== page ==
When I had my second child, it was the early 1990’s and we jumped on the “green” train. We did cloth diapers and bought as many organic items as we could. Organic kids clothing wasn’t in fashion–and come to think about, probably not even readily available. As we have added more children to our family and I have seen my siblings have babies, we discuss organic cotton clothing and why it matters.
The first thing that comes to mind for me is in my late twenties traveling across the South and stopping for gas. I happened to glance into a field next to the station. I wanted to know more.
It was a cotton field and I was fascinated. While it was an incredible discovery there are things about conventional cotton that takes a heavy toll on Mother Earth.
- Conventional cotton occupies only 3 percent of the world’s farmland, but uses 25 percent of the world’s chemical pesticides and fertilizer
- It takes almost 1/3 pound (151 grams) of synthetic fertilizer to produce 1 pound (453 grams) of cotton
- Cotton is the second most pesticide-laden crop in the world (after coffee) and number one in the United States
- Pesticides can include: orthophosphates, endosulfan and aldicarb.  Of all the pesticides used in cotton production (except 1) are classified as moderately or highly hazardous chemicals by the World Health Organization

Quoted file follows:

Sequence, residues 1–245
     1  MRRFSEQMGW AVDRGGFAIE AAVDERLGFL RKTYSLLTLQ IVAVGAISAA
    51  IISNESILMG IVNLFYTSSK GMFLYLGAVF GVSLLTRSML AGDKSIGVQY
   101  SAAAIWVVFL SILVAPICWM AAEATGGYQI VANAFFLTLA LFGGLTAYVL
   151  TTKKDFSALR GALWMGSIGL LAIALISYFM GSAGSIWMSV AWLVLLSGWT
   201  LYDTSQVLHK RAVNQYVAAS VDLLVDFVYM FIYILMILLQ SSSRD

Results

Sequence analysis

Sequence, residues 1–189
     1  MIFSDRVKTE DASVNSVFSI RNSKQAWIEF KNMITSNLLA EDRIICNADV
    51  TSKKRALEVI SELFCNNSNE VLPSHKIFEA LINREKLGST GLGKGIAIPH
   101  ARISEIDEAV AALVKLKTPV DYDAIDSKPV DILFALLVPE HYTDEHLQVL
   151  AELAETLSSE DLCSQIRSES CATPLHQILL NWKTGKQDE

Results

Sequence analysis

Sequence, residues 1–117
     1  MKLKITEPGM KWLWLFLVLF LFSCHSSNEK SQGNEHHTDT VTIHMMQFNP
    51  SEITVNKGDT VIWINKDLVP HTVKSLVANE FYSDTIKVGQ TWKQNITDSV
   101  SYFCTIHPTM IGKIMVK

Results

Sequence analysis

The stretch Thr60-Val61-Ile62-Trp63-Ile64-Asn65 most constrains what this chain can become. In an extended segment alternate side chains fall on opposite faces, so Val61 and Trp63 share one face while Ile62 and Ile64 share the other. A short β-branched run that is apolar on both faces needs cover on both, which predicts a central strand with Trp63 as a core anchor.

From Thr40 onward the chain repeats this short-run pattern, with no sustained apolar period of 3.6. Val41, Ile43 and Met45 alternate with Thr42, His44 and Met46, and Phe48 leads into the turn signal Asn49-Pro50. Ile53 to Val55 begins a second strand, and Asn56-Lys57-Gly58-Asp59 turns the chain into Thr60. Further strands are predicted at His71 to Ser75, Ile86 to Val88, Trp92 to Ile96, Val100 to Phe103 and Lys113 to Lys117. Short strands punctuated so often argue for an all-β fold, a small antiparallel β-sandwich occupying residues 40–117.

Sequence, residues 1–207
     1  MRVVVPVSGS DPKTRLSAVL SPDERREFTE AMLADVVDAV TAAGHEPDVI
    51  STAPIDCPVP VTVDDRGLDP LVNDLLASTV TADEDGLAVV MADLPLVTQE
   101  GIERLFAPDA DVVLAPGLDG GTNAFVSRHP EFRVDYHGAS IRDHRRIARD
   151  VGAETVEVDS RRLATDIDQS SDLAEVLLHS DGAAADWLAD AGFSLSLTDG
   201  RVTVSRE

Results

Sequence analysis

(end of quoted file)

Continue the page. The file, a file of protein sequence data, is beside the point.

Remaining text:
- Those pesticides don’t settle and stay on crops, they seep into ground water, which becomes drinking water for an estimated 60 percent of Americans.
- Sadly, cancer is the number one disease killer of children in the United States—and the second cause of death after accidents
It’s a sad reality that we try to protect our children from so many things in our world, yet many overlook that fact that pesticides are poison. Consider the chemicals used in cotton production: silicone waxes, softeners, heavy metals, flame and soil retardants, petroleum scours, ammonia, and formaldehyde. All of these chemicals are hazardous to human health. For example formaldehyde is considered a carcinogen and has such side effects as severe pain, vomiting, coma, and possible death.
Those cotton fields go beyond pesticides. Check the label on your favorite salty snack, mine is potato chips. There’s that conventional cotton again–near the top of the list of ingredients!
Consider other ways conventional cotton is ingested–hulls from cotton seeds are common in cattle feed–which we ingest when we bite into that hamburger. These hulls are also been found in our milk and our meat.
Organic cotton acreage is increasing across the globe. Its crops are producing a better quality of life for the farmer and decreasing, often our food bills. The crops extend diversity and health without allowing genetically modified organisms. In fact, it must not use any toxic or persistent pesticides or synthetic fertilizer. For clothing, the standards are that no part of the production can use toxic chemicals.
These are all strong reasons why organic clothing is the better choice. Now consider your child’s sensitive skin. You won’t miss cuteness with brands like Emilie et Rose and Frugi and their skin won’t miss the chemicals. It’s a gentler way to parent. Your kids deserve it!